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maybe 25% in some of the more southern provinces. so they are they are in the head by days and weeks and his helicopters, people talked about mitchell. he comes in a little later. but they get in the helicopter in pakistan where they're based in colonel mulholland says good luck, i don't know if you're going to come back from this. some of the guys thought that he -- that kind of blew their back a little bit because they knew it was real. these guys are trained to actually maybe not be the strongest people in the room, although they often are. but what's so interesting about their training and i think this goes back to your question about the agency military teams that they're trying to recover more quickly than the other person from failure.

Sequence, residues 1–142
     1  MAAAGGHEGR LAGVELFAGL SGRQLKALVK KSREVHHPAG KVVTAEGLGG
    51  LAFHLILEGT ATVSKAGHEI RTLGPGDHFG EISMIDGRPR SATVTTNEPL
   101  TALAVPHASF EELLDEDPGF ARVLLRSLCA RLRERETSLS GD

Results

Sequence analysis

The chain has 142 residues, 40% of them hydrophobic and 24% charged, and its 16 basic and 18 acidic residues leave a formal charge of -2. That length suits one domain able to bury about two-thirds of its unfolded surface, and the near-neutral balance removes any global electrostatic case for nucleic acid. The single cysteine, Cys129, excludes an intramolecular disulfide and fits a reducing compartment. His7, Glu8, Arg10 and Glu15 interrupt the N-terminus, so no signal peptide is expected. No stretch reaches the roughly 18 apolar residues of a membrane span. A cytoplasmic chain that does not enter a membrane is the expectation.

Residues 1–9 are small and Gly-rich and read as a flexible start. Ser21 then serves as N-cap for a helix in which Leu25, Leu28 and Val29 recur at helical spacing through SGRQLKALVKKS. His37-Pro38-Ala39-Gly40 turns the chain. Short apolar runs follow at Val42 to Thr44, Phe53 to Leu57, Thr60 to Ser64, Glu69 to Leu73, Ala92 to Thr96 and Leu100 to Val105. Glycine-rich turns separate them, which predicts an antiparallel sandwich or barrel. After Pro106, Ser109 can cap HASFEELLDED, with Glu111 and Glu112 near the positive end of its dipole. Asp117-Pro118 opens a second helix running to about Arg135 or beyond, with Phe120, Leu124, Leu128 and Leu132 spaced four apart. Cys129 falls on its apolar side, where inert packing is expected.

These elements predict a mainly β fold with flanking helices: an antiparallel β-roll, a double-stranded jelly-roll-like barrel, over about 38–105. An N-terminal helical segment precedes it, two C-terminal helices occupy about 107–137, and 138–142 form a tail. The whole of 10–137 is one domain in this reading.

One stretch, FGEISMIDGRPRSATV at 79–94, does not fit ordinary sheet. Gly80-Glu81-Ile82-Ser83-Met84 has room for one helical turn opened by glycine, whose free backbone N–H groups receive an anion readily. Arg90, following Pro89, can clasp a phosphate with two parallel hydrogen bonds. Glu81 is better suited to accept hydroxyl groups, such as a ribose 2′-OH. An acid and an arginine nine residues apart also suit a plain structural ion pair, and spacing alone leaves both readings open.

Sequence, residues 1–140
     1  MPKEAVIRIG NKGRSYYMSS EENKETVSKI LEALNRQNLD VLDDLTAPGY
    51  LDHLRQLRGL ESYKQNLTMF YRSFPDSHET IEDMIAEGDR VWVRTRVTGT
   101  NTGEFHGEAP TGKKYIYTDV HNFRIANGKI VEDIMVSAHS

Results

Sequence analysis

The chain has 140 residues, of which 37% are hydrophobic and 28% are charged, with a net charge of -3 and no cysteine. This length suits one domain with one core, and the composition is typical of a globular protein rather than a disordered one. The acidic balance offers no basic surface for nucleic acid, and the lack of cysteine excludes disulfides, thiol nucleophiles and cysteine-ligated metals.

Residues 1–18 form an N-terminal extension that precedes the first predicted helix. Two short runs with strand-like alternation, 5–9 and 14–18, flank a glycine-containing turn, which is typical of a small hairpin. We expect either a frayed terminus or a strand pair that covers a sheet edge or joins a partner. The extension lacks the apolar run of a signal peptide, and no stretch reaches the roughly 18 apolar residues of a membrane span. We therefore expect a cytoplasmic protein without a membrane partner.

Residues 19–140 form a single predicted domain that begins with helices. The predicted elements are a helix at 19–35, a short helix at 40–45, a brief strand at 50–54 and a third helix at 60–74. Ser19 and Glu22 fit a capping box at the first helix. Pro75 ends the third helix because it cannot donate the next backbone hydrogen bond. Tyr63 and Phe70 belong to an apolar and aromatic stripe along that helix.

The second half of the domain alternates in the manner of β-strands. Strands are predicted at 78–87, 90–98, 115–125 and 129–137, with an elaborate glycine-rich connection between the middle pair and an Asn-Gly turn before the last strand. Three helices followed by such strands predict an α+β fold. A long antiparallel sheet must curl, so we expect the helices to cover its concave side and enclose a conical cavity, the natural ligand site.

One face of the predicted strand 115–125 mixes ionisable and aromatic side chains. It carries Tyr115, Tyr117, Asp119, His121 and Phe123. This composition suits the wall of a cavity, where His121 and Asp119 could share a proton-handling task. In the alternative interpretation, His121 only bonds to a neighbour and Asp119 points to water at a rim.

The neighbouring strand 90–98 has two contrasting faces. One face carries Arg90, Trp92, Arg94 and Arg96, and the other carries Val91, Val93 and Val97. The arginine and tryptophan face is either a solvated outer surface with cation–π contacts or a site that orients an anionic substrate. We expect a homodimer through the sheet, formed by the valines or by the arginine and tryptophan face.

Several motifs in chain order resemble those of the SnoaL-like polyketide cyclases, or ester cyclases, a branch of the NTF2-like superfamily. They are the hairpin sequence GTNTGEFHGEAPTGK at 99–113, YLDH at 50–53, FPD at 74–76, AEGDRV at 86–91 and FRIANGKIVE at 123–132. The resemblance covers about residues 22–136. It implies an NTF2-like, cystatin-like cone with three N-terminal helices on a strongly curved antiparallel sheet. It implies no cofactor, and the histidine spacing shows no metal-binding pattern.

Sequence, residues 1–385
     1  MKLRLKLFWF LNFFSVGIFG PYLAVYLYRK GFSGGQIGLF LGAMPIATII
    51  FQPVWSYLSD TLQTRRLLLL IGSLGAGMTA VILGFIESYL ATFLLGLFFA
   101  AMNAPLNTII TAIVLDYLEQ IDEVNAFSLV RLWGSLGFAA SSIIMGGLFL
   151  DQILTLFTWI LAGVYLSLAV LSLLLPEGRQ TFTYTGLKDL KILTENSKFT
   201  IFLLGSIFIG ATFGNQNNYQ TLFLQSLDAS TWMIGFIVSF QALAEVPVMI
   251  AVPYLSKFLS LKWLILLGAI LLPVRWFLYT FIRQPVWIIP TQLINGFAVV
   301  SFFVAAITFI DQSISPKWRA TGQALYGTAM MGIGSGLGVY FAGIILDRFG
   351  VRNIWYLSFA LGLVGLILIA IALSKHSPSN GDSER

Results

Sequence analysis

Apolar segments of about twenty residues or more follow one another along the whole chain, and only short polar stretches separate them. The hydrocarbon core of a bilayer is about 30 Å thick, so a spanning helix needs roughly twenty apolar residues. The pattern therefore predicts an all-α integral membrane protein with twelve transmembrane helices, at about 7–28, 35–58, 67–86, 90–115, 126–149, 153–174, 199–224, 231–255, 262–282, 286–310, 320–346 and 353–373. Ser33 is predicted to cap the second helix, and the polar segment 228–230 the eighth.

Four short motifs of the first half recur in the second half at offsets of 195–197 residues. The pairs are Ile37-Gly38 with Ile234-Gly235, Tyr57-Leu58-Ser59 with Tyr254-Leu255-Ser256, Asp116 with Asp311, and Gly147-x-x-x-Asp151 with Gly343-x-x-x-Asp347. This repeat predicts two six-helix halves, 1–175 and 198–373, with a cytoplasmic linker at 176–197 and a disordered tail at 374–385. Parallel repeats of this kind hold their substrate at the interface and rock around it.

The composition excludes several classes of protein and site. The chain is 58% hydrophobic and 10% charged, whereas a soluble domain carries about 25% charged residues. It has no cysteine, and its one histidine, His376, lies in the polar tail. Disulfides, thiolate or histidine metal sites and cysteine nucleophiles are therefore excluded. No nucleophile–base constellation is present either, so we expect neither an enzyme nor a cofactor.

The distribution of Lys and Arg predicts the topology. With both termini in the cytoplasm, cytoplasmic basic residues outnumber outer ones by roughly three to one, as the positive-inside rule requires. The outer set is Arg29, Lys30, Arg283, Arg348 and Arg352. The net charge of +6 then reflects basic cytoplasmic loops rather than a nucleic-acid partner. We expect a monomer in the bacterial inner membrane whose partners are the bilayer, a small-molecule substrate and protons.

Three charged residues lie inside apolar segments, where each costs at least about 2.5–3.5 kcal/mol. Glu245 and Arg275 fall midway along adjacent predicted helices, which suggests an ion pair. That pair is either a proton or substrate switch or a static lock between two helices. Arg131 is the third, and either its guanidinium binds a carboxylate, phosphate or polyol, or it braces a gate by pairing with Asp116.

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it's such an interesting idea which is why i so thought the story was so interesting. if you keep putting a person in situations of failure over and over and over and you watch how they respond to that, do they just crumble and collapse or do they actually rise up and kind of prevail among the circumstances? that the person you want. and in some ways it felt like being a writer. [laughter] i mean, i remember driving from camp mccall after he took part in something called robbins staged, which goes back to your question about what is the business they do? and i robbins staged, afterwards almost all the special forces teams said they were perfectly prepared for what happened in afghanistan. so i started to study this. at the least a one-week, maybe a two-week, 24 hour live-action scenario of being in a foreign land called tideland where the